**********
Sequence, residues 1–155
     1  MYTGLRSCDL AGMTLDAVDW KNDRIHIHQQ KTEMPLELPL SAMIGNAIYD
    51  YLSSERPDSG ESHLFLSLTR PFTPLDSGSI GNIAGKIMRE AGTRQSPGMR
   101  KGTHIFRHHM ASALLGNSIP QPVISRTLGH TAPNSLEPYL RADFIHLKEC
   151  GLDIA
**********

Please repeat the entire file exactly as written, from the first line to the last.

Sequence, residues 1–155
     1  MYTGLRSCDL AGMTLDAVDW KNDRIHIHQQ KTEMPLELPL SAMIGNAIYD
    51  YLSSERPDSG ESHLFLSLTR PFTPLDSGSI GNIAGKIMRE AGTRQSPGMR
   101  KGTHIFRHHM ASALLGNSIP QPVISRTLGH TAPNSLEPYL RADFIHLKEC
   151  GLDIA